G2G:  Is there some Luke Easter merch out there yet?

Luke:  Not yet, its in the works.  Lame answer, I know, but I was focused on the record and didn't make sure my merch game was good to go.  It will be remedied soon!

G2G:  So, there's a possibility of more Luke Solo stuff in the future?  Odd Star Wars pun intended...

Luke:  (Laughs)  Yes, definitely.  I do not plan on this being a one-off thing.  I already have ideas for the next one.

G2G:  Well, I'll be in like for it, becaise I honestly really like The Pop Disaster.  I have no doubts it will show up a time or two on our year-end best-of lists.  It is truly an excellent effort and I hope that people go in with an open mind and enjoy it for what it is.

Luke:  Wow!  Thanks!  That's awesome!

G2G:  How can people best stay in touch with Luke Easter?

Luke:  The website.  It's a landing place for the release at the moment, but the full site will be up very soon.  Also on Facebook and Twitter, obviously.

G2G:  Luke, this has been awesome!  We've "known" each other for some time through the internet world, but never really had the chance to chat like this.  I hope you had some fun, as well...

Luke:  This has been great!  Thanks for all the kind words, and thanks for making time for me!  I appreciate it more than I can say.

G2G:  Best of luck with The Pop Disaster, and be sure to stay in touch!  We'll do this again!

Luke:  Definitely!  Thank you.


So there you have it.  Great guy to talk to, and if you still haven't snagged The Pop Disaster, I can not overstate the importance of grabbing it.  We'll have the review up soon, but go get it and hear it for yourself.  It's not metal, but it is a great melodic rock record that most of you will likely find yourself falling in love with.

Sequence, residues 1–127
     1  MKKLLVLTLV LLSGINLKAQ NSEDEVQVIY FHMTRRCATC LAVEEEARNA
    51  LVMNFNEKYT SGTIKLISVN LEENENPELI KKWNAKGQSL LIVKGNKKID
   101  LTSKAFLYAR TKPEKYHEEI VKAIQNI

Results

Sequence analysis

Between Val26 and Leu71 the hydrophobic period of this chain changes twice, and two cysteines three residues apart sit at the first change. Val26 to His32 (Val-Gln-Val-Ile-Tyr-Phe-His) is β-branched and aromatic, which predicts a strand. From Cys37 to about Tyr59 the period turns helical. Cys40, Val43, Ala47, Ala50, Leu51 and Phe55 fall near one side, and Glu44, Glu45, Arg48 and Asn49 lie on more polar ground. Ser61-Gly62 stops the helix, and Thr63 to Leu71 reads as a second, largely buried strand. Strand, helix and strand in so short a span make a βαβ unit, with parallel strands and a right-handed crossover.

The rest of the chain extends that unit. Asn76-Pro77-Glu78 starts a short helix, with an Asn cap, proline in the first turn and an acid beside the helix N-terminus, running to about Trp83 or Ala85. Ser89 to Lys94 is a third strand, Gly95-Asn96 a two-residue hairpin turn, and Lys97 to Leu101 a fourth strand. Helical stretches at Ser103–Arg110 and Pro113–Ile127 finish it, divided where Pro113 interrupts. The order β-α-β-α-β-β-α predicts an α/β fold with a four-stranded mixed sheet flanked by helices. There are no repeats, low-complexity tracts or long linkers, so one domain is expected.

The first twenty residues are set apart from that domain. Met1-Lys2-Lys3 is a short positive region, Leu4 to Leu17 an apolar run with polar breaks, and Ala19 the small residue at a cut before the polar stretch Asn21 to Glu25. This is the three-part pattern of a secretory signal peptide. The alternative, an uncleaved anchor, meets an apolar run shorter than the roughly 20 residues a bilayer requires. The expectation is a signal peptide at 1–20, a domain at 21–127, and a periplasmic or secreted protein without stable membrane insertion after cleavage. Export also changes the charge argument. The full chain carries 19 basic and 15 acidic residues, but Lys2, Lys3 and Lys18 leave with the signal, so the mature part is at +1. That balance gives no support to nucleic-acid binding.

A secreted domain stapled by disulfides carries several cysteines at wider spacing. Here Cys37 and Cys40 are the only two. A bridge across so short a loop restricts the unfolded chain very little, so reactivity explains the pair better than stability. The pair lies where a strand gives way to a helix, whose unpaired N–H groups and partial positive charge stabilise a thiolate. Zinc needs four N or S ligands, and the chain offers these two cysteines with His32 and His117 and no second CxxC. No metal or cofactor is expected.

Wednesday, July 18, 2018

RICHARD BLAKE THOMAS (a.k.a. Rev Theory's RIKKI LIXX) "Standing In The Fire" BOOK REVIEW

(c) 2017 Deus Crux Publishing

Few will know who Richard Thomas is when they pick this book up, but all will know who he is...and more importantly, what he stands for...once they have finished reading.  Such is the goal of this autobiography of a young guitar virtuoso who began experimenting with drugs and alcohol by the age of 10, yet still managed to climb to rockstar status, while hiding his addictions until those same addictions, combined with isolation and depression, nearly took his life.  This is the story of how Richard Thomas became Rikki Lixx, found himself a pawn in a self-described "spiritual warfare" between God and Satan, escaped death, and came out the other side as a follower of Christ and happier and healthier than he had been at any other point in his life.  

The book starts with Thomas describing his young life as a young kid infatuated by the rock n roll lifestyle of his favorite band, Guns N Roses, while his home life fell apart due to the divorce of his parents and a self-described lack of supervision as his mom worked to support Richard and his siblings.  He talks of being raised in large part by his grandparents who "employed him" around the house so that he could earn money to buy his first guitar, which he soon became obsessed with.  By the age of 10, Thomas had started his first band, Twilight's Misery, and had "started drinking and doing drugs.  On a bad day I would drink close to a gallon of whiskey and a case of beer, not to mention all the drugs I was mixing with the alcohol."  By 11 Thomas had lost his virginity, by 12 he had experimented with cocaine, and at one point, he even went so far as to huff propane from a friend's grill to get high.  He was truly "living the rock n roll lifestyle" before he even reached his teen years!  Thomas looks back now on these incidents and can clearly point to indications of actual spiritual demons at work in his young life, but not having the tools or knowledge to resist the evil they were plying against him.